Third love

The offer to pack up, come home again,
comes with the usual deterrents, those
archaic stirred-up memories: of hymns
and after-sermon sheet cake, the dull scrape
of plastic forks on paper plates and talks
with almost-strangers on the state of my
eternal soul, though never so direct.
Of wounds, war stories that we traded like
sleepover secrets—flippant—hoping that
a snort, a joking tone, could make them light.
Of my aunt—and her irregularly-shaped,
dark bruises—who’d make me swear to never trust
men. She would take me out for breakfast in
Tuesday-morning hangover shades, and while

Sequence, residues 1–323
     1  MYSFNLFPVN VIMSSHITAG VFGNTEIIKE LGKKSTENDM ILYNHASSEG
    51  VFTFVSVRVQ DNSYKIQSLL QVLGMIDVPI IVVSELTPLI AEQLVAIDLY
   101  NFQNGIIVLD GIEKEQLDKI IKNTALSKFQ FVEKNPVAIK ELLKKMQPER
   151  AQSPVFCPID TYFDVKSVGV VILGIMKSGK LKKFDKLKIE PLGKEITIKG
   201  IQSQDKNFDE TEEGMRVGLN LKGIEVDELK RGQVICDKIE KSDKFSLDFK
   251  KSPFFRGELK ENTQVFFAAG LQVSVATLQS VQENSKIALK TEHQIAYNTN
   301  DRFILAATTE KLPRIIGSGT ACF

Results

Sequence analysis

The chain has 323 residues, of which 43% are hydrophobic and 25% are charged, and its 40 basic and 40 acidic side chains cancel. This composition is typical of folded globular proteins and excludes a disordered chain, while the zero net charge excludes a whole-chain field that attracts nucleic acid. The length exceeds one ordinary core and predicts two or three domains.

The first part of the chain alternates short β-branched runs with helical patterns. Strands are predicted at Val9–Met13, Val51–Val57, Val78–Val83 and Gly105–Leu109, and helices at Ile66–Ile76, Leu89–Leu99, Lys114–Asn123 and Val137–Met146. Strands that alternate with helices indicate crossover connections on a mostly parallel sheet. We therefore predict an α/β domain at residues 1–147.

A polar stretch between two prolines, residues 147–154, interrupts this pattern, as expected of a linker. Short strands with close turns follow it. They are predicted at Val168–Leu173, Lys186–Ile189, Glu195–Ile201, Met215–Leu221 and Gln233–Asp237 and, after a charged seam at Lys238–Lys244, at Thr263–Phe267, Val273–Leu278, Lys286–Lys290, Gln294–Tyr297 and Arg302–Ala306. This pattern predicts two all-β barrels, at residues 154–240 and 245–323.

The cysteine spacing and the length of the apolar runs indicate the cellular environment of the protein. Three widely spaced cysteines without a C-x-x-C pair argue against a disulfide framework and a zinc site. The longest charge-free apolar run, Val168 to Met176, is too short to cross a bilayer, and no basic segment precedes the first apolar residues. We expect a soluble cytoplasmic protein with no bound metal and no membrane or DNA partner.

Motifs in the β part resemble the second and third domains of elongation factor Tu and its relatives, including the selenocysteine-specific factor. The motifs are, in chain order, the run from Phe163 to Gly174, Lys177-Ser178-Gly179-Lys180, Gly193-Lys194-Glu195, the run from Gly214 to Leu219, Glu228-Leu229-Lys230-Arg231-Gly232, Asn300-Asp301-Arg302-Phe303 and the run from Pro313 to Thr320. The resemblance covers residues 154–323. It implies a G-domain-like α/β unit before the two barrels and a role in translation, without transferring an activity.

she paid for coffee and two eggs, fried twice
for crispy edges, I would scan her wrists,
the backs of her knees, pick out those bruises from
the mottled map of skin: a word search of
her childhood scars, her freckles, moles and veins.

There’re brighter memories, of course—the long
and ordinary stretches. Grocery runs,
late, lazy weekend mornings. If I could,
I’d like to crawl inside them, stay and live
there, even if I had to spend my real
life slack-jawed, absent, numb, a toddler in
pajamas spellbound by a TV screen.

But reality has a way of tugging at
my sleeve, demanding my attention. Well,
if burrowing inside the past is wrong,
then grant me, at the very least, a clean
slate. Wipe it all away. Clear every blitzed-
out, every blissed-out crevice of my brain.
Let me forget it all, the only way
I know how to begin again.

Emily McDonald is an emerging writer from Frederick, MD. She recently graduated from Johns Hopkins University with a B.A. in the Writing Seminars.

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